Why $50 Oil Is Here To Stay
News Article Sponsored by Threlkeld & Company Insurance
Now that oil prices have rebounded to $50 per barrel, will U.S. shale drillers turn the taps back on?
That is the million dollar question that the oil markets still do not have a clear answer on. Last year, when oil prices rebounded from $44 per barrel in March to $60 in June, the rig count leveled off. Some drillers even redeployed some rigs, stepping up drilling ahead of what they believed would be a swift rebound in prices.
The renewed drilling spooked the markets and crude plunged again, and since August of last year, the rig count has been falling, shedding another 400 to 500 rigs in only nine months.
Now that crude prices have firmed up at around $50 per barrel, will the rig count rebound again? Will prices build on their momentum, and move closer to $60 per barrel? And, perhaps most importantly, can drillers make money at today’s prices?
There are a multitude of variables that will determine the how fast drilling starts to pick up. But one of the most important metrics to look at is the breakeven cost of drilling in some key U.S. shale regions. According to a report from KLR Group, and reported on by Oil & Gas 360, many of the most prolific shale basins in the U.S. are still in the red at today’s prices.
For example, the Eagle Ford West breakeven price sits at $59 per barrel and the Eagle Ford East has a breakeven of $52 per barrel. Meanwhile, the Bakken, another major source of U.S. oil production at over 1 million barrels per day, has a breakeven price at a whopping $67 per barrel, meaning many drillers in North Dakota are still losing money.
Even some of the best parts of the Permian Basin in West Texas have higher breakeven prices than many believe. The Midland Basin, for instance, which offers some of the best economics in U.S. shale oil production, has a breakeven price of $51 per barrel.
The story is similar for natural gas production – breakeven prices could be much higher than is popularly cited in the media. For example, many parts of the Marcellus Shale, which accounts for the bulk of U.S. shale gas production, has breakeven prices at around $3.50 per million Btu (MMBtu), vastly higher than today’s Henry Hub spot prices of less than $2/MMBtu.
In short, the KLR study finds that most oil and gas regions need much higher prices to provide companies with a financial return. In order for companies to generate a 10 percent unleveraged rate of return, the Midland Basin and the Eagle Ford East will need oil prices in the range of $80 to $85 per barrel. And those are some of the best places to drill. The price needed for a 10 percent unleveraged rate of return only goes up from there. The SCOOP/STACK plays in Oklahoma require oil prices near $100 per barrel.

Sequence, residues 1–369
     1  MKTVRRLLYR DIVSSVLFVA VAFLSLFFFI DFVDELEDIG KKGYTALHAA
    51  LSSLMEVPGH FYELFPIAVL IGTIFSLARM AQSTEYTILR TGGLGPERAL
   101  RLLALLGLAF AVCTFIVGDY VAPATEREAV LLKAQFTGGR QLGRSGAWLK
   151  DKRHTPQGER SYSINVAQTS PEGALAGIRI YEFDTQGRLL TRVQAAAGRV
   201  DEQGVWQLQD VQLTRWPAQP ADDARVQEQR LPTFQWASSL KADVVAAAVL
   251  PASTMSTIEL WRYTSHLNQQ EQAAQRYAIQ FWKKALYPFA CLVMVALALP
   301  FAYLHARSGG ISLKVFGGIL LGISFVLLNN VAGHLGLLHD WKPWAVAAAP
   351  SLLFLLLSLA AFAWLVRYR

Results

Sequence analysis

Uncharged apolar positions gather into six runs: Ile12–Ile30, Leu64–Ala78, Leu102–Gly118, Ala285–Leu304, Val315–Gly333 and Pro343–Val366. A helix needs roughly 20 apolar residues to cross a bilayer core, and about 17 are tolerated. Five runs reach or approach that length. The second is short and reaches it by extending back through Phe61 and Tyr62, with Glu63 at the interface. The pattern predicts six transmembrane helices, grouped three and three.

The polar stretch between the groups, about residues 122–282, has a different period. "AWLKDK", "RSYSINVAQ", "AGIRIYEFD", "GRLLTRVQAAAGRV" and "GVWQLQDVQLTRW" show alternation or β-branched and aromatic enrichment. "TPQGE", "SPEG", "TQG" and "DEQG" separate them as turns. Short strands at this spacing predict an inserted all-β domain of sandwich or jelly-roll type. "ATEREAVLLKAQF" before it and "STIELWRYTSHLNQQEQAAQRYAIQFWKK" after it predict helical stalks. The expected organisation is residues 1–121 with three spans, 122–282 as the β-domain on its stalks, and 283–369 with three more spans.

Many individual companies have reported lower breakeven prices than these, but by and large, the KLR Group report shows that shale drilling economics may not be as rosy as some believe. Some might question the validity of this data, and to be sure breakeven estimates run the gamut. But, if the industry could make money in U.S. shale at $40 or $30 then there would not be more than 70 shale companies that have declared bankruptcy. If breakeven prices were that low, the rig count would not have collapsed by 75 percent in 18 months, nor would U.S. oil production have ground to a halt and then plummeted by nearly 1 million barrels per day since last year.
Clearly, prices are substantially too low for many drillers to make money. As a result, despite predictions from the EIA and others that oil prices could stay low for much longer – the EIA expects WTI to average $50 in 2017 – prices are still unsustainably low. If drillers can’t make money at $50 per barrel, supply will continue to fall, triggering a rise in prices. In short, prices must rise.
Companies began drilling last year as oil prices hit $60 per barrel on the expectation that further prices gains were in the offing. But many drillers may not be so willing to jump back into the fray this time around, at least at first, if only because there is a lot less certainty over the solidity of the rebound. That will lead to further declines in U.S. supply, which, again, will push prices much higher than $50 per barrel.
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